upon determining that all the data points of the current segment are within the visible range, applying a heuristic technique to decide whether to draw the current segment including if it is determined that the first and second data points are on opposite sides of the midpoint of the visible range, and if it is further determined that that a first adjacent segment and a second adjacent segment have respective slopes that trend in opposite directions, then making a decision not to draw the current segment, else making a decision to draw the current segment; and
displaying on a graphical user interface of a computing device, a graph of the segments of the approximated geometric form in the visible range, the graph not including those segments that were decided not to be drawn.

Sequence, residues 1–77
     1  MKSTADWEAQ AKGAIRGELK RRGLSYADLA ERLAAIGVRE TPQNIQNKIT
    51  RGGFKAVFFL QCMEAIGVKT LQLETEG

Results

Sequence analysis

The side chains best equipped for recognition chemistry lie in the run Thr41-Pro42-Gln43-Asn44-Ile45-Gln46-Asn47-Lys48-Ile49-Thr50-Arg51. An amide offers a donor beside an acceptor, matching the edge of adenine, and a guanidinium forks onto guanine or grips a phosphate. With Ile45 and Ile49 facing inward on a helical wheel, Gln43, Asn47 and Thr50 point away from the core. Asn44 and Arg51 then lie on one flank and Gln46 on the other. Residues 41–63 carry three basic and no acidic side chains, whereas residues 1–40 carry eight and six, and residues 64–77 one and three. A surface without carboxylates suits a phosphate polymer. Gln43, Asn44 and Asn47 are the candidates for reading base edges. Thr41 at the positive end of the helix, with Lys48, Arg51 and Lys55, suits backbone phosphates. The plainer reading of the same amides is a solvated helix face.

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upon determining that all data points of the current segment are outside a visible range for the graph, making a decision not to draw the current segment in the graph.
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14. A system for identifying asymptotes in an approximated geometric form, the system comprising: